We recently celebrated the Jesuit feast day of Our Lady of the Way at the Nostalgia Mass for graduates of the College of more than half a century and their partners.
The image of Santa Maria della Strada, Our Lady of the Way, in the small parish church by that name, in the heart of Rome and at a crossroads along the ceremonial route of the popes, is first documented in the 16th century. Ignatius probably first encountered it in 1540, when he preached day after day on an adjacent street corner. Within a year, the pope had approved his small band of priests as a religious order and given them Santa Maria della Strada as their pastoral home base, effectively making Ignatius caretaker of the painting within. History tells us that the former parish priest of that unpresupposing church joined the Jesuits, becoming the first Italian to do so.
The Jesuits soon outgrew the building and Ignatius sought a benefactor to replace it on a grander scale. The generous donor was Cardinal Alessandro Farnese, who happened to be the grandson of Pope Paul III (yes, those were interesting times!). That Pope had earlier authorised the founding of the Society of Jesus. Initially Michelangelo had offered to design the church for free – it seems Ignatius was well-connected – but Michelangelo died before the project began.
Before Ignatius’ death in 1556, he instructed his Jesuits to preserve this Marian image and eventually to enshrine it in the new church, the Gesù, so-called after the Holy Name of Jesus. It was to become the Mother Church of the Society of Jesus. The Gesù did not open until two decades after Ignatius’ death, but following his wishes, the image was enshrined in a lavishly decorated side chapel where it is to be found today.
Since those early years, and precisely because of the devotional title of the image of Mary, generations of Jesuits have prayed before it before embarking on difficult and far-flung missions. Francis Xavier would have prayed there before leaving on that extraordinary journey to the East from which he would never return. Peter Canisius would have sought Mary’s help there before heading north the divided lands of the Protestant Reformation. Those culturally-sensitive missioners who set up the reductions among the South American Indians would have prayed there. As well as the heroic martyr-saints who lived among the Hurons in the snows of French North America. Those who boldly trekked through the Middle East, dialoguing with Muslim leaders, reaching Tibet, or finding an overland route to China – all of them drawing strength from this Mother of the Society. Our Lady of the Way was to be their patron, their guide and their solace.
For centuries, this image was believed to be a late 15th or early 16th century icon. Clearly, it showed signs of some heavy-handed retouching. Then, ten years ago, when some conservators undertook a long-overdue cleaning of the Madonna, it unexpectedly turned into a bolder reclamation project. The results were startling. The image turned out to be 200 years older than previously thought and, in terms of quality and artistic pedigree, far more interesting. Previously believed to be a work on stone, it is actually a fragment from a larger, now-lost fresco, or a wall painting, almost certainly from the original Santa Maria della Strada church.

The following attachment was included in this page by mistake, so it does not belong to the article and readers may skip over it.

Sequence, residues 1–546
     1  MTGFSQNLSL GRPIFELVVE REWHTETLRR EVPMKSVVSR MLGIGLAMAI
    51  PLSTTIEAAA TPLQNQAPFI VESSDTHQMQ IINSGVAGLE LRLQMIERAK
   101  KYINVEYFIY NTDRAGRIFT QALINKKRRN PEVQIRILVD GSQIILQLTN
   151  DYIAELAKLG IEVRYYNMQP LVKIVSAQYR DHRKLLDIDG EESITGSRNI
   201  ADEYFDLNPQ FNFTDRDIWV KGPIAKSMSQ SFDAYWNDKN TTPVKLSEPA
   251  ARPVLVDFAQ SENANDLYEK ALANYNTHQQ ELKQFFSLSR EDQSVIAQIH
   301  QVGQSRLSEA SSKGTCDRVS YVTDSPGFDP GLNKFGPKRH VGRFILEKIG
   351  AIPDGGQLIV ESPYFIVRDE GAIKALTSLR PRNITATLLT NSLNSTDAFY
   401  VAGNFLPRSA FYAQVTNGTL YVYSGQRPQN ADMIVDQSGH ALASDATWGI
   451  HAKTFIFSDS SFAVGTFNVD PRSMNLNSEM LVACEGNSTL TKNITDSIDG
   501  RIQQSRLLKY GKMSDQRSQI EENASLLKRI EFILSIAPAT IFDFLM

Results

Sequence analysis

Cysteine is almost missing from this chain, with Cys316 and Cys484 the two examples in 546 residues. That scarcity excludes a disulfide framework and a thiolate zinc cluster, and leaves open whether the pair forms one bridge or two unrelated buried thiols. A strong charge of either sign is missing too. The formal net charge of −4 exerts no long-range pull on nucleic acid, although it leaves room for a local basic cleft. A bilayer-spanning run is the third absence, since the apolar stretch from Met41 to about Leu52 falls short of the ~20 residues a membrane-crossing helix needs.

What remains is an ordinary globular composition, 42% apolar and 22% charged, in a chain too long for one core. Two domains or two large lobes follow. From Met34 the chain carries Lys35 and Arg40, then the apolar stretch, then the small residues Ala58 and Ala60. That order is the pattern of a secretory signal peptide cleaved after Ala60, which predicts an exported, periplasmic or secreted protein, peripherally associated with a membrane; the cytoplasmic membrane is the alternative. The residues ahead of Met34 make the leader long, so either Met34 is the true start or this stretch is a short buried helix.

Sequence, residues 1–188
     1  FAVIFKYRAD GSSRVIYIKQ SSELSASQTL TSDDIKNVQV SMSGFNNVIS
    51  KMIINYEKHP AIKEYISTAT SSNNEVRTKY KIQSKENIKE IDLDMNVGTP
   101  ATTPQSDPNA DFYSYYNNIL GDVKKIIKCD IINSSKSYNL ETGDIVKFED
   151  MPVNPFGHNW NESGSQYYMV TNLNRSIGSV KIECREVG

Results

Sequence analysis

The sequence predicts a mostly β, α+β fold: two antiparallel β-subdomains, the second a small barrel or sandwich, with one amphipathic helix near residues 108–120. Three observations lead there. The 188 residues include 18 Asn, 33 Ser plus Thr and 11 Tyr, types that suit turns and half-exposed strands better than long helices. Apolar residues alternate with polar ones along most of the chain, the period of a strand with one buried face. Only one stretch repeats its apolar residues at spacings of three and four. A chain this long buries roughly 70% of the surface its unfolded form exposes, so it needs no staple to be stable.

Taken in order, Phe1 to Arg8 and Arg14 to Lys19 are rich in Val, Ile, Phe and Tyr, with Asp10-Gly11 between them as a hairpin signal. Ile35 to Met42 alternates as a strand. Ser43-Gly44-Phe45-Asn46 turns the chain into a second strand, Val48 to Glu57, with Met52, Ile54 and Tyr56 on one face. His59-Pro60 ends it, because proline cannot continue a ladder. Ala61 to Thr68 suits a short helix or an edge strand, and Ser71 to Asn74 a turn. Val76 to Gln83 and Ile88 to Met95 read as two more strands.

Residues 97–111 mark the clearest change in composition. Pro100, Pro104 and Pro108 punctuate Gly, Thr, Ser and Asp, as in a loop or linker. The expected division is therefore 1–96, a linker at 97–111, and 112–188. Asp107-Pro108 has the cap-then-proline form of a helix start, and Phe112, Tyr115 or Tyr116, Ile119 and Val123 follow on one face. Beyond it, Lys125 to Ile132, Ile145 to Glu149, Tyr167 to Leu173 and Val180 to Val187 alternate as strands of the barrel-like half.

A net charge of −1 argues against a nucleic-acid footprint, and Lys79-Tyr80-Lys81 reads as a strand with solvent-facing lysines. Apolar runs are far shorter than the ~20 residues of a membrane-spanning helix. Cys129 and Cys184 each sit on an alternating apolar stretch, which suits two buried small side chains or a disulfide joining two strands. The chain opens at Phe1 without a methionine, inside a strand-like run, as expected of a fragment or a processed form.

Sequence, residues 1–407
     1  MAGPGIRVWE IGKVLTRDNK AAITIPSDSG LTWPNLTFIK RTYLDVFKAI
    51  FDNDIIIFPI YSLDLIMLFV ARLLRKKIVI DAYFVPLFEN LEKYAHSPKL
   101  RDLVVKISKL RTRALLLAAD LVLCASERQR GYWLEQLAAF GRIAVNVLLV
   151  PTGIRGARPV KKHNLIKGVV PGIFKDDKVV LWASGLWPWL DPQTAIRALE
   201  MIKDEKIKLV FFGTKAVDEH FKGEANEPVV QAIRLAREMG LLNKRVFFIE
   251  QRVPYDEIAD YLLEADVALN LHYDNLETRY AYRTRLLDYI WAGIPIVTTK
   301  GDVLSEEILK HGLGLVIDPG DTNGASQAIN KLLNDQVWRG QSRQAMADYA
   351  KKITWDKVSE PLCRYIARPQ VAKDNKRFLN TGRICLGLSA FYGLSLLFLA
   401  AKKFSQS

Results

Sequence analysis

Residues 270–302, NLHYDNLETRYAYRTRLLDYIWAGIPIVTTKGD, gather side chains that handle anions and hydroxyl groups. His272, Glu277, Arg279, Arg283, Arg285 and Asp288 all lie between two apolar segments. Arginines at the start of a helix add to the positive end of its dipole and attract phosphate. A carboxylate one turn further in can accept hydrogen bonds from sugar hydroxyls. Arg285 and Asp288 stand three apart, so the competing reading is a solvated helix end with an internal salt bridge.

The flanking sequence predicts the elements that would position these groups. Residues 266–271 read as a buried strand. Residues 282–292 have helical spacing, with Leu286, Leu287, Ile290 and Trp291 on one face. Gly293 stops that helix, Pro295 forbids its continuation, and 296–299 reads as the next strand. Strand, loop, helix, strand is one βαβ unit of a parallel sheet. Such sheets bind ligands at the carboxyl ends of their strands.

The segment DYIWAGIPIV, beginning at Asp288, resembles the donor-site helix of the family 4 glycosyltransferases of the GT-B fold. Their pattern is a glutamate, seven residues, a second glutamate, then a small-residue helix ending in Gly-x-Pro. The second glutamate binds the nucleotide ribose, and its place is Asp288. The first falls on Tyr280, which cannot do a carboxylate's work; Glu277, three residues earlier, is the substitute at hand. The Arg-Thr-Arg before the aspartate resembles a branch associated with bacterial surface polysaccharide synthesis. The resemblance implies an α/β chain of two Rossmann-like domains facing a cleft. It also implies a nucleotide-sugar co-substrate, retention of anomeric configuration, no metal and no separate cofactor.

The original, beautiful in its naïve simplicity, is in somewhat muted pastel tones. But the superimposed version appears distant in its regal arrangement. Cluttered with crowns and jewels. A necklace on Mary, which is so ‘stuck-on’, seems even to have no point of attachment. Diamond jewellery on Jesus’ forehead – really? Clearly a make-over.
I think there is a lesson in this. Not uncommonly, we begin with something pure and simple, something uncluttered, something transparent. Then we tinker with it. We add layers. We embellish it. We ‘improve’ on it. The core value, the core idea, the core insight may well become obscured or lost. One famous professor of ecclesiology (that is, of the study of the Church) Fr Alfred Loisy once wrote, “Jesus came to establish the Kingdom of God; but what resulted was the Church.” A bit harsh, but some truth. We do complicate things. When Blessed John XXIII initiated the Second Vatican Council, one of his directives to all religious orders was to rediscover their charism, to rediscover the mind of the founder and the order’s core spirituality. Under Fr Arrupe, there was at that time an enormous renewal of the Jesuits worldwide. We scraped away some of those layers, those accretions of the centuries which were masking our origins, who we were to be. It made us ‘radical’ – radical in the true sense of that word, forcing us back to our roots, the radix. As we undertake the Masterplan to take the College into a 21st century of teaching-learning styles, we are ever so careful as the theme of the enterprise makes known, to be Inspired by the Past, Embracing the Future. There is a style to our schooling, an ethos. These are fundamental values which have always marked out Jesuit schools true to their origins. But we also need to “scrape off the barnacles” of the years, which can weigh us down or slow us up. The non-core values, the allurements and the fads, the temptations of a corporate world of schooling – all those attractions which could take us from our true course.
So, many insights from an icon. But the heart of it is what first attracted Ignatius. A Mother who has the best interests of her children at heart. A Mother who sees them on their way. A Mother watchful on the journey. Santa Maria della Strada.